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The Trouble with Apocalypse, by Kurt Cobb

The trouble with apocalypse is that most people have already seen it at the movie theater, watched it on television, read it in a book, or heard all about it from the pulpit. So inundated with the language of crisis, that we have become immune to it. From the perspective of the historian our age has been chock full of “great transformations.” And, it is, after all, the historian’s business to write about great change even if he or she has to invent some.

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The Bearable Weight of Not-Being, by Tad Patzek

My friend, Rob Dietz, has reminded me about these words by Aldo Leopold: “One of the penalties of an ecological education is that one lives alone in a world of wounds.” But when I mention the assorted causes of my internal bleeding to my wife and friends, they all look at me with disbelief and impatience. They do not feel the way I often do. What if their thinking is wiser and reflects what really can be done in a world overrun by seven billion people, who always want more than they have at any given moment and place? For most people on the Earth, “more” means safe water to drink, fresh food to eat, and a shelter with a cook stove and an outhouse. For the very few “more” means a $2.5 million watch and unlimited access to all conceivable resources to be used at will.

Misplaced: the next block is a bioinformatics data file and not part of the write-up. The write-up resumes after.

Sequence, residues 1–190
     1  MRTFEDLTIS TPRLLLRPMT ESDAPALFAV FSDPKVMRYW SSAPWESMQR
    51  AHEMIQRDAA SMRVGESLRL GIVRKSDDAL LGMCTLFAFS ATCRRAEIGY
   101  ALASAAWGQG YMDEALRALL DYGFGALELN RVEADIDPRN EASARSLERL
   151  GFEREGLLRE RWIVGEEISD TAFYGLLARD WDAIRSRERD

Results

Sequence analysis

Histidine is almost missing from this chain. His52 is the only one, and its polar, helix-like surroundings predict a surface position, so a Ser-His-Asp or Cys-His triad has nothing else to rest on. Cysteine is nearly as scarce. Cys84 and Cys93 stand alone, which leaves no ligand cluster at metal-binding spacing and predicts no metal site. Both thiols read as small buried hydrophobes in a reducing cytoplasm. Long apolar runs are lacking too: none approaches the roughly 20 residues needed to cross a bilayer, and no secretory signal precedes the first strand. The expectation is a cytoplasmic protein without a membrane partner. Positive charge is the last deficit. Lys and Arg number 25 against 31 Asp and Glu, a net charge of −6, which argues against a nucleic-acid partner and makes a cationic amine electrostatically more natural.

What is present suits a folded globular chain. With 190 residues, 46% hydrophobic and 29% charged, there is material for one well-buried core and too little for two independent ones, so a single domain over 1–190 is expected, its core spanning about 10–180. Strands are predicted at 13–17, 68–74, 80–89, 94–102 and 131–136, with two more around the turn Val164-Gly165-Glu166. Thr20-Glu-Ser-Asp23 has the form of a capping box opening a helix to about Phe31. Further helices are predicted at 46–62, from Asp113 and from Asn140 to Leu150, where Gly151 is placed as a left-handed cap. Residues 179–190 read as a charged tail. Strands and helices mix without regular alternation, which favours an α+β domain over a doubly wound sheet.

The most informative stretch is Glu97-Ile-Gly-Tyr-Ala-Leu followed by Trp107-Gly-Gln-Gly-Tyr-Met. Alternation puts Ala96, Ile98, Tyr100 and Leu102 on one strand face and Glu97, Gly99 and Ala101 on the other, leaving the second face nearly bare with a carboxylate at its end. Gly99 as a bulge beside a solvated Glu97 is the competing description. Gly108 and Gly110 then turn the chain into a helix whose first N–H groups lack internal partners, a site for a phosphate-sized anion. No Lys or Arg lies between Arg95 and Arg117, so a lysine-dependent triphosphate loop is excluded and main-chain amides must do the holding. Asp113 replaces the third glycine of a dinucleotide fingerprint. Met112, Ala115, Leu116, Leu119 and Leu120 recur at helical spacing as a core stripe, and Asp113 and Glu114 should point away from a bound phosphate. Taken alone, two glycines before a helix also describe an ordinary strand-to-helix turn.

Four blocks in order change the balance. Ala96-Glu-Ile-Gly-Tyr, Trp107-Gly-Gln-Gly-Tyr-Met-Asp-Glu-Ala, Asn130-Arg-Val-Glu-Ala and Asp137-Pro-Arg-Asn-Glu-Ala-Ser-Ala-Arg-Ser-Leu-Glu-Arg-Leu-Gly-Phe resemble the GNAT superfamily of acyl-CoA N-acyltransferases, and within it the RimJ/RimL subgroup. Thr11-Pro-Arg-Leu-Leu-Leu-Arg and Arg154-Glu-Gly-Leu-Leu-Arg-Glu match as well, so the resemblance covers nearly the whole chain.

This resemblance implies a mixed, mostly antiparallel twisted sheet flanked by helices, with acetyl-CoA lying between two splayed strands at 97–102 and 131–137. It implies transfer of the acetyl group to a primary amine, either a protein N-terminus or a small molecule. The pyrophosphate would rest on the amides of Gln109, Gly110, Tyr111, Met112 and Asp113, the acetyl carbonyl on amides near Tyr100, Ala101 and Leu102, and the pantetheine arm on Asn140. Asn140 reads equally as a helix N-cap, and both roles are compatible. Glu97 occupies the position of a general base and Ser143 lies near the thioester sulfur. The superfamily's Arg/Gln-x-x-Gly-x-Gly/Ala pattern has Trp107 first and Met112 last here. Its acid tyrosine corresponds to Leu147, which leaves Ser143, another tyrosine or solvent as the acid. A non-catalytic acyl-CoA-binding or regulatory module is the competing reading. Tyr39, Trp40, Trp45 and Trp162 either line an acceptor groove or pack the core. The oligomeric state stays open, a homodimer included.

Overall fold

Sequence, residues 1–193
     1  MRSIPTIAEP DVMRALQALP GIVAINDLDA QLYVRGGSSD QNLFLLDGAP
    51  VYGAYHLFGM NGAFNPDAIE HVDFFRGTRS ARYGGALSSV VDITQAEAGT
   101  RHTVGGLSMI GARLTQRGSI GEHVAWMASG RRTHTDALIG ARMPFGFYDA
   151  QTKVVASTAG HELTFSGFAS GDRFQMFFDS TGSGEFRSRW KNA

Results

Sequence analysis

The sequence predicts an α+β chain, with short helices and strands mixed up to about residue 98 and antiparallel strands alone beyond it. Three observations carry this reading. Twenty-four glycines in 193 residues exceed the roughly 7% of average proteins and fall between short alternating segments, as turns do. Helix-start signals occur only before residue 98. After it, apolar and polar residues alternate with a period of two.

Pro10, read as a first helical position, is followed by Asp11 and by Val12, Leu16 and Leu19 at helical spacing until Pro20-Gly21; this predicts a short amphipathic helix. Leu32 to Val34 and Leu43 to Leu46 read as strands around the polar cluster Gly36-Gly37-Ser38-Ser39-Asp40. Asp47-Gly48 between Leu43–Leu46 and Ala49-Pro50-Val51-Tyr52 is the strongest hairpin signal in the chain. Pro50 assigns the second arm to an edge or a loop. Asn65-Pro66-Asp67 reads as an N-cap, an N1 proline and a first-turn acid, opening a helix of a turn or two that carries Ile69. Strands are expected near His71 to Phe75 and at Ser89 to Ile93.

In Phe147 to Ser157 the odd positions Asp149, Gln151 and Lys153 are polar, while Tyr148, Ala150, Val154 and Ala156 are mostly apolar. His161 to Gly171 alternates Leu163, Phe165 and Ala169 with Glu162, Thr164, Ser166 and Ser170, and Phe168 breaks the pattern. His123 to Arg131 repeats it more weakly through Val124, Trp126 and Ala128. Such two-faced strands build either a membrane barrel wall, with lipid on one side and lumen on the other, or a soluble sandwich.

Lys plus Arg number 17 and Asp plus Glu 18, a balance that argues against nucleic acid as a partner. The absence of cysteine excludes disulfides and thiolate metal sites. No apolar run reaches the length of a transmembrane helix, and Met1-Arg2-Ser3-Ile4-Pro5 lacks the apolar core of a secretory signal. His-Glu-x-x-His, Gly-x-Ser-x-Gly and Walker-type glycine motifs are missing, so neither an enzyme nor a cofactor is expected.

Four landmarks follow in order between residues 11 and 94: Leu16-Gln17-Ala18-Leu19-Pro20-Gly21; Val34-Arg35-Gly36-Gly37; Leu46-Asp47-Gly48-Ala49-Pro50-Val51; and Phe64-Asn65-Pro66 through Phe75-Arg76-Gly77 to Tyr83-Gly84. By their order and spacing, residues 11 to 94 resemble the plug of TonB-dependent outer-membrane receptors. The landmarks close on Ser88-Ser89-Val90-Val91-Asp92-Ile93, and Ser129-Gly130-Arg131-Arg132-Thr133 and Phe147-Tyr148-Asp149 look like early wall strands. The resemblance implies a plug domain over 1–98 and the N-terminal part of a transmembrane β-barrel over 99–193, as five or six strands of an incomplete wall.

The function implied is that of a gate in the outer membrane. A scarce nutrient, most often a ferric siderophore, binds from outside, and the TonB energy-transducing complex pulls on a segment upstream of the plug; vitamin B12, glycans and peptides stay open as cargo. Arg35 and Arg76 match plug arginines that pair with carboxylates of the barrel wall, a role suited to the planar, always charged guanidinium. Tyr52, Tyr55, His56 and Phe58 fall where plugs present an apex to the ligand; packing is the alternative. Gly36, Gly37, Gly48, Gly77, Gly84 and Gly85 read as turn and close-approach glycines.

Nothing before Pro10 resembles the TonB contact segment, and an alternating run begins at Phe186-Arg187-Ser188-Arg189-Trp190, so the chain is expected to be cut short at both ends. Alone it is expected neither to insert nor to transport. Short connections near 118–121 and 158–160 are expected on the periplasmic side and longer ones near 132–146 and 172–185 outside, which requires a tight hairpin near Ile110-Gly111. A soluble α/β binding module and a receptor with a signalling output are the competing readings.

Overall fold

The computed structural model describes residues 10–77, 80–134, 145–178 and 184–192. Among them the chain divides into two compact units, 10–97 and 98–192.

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Agenda for the 2011 ASPO-USA Conference

This week, we would like to present our agenda for the 2011 ASPO-USA Conference – Peak Oil, Energy & the Economy to be held November 2-5 (Wednesday – Saturday) in Washington DC.

Wednesday is a pre-conference day featuring visits with Congressional offices and Congressional staff. Thursday will focus on the latest information on oil and energy trends, and analysis of their implications for the economy. Friday will focus on strategies and opportunities to adapt to a new energy and economic reality. Finally, Saturday will focus on interactive roundtable sessions where YOU will have in-depth discussions with speakers and other invited guests.

The Thursday morning session will take place inside the Congressional Auditorium, the 450-seat theater inside the U.S. Capitol. We hope to see you in Washington.

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Force Multipliers – By Christine Patton

Most approaches to “solving” our climate and resource crises focus on technology: replacing fossil fuels with a different technology (solar, wind, ethanol, nuclear), or increasing the efficiency of our current technology. We focus on increasing the efficiency of things which would then be used in the same way – adding insulation to single-family homes, or doubling the efficiency of single-user cars that sit idle in the garage and parking lot for the vast majority of their lives, or harnessing renewable sources of energy that would then continue to be used unnecessarily and wastefully. While these solutions may marginally slow the velocity of an economic and energy descent, they can’t seriously apply the brakes to the very unpleasant net energy free-fall that may be in store for our society.

Among the various solutions proposed to our predicament, the most promising innovation may be social innovation. Over the past one hundred years, we have manufactured vast amounts of things – houses, buildings, infrastructure, cars, machines, equipment, supplies, computers, networks, and so on. But these things – our already built resources – are often underutilized, or inefficiently used, due to our social customs, norms, habits, and expectations, and the psychology of status, privacy, and entitlement.

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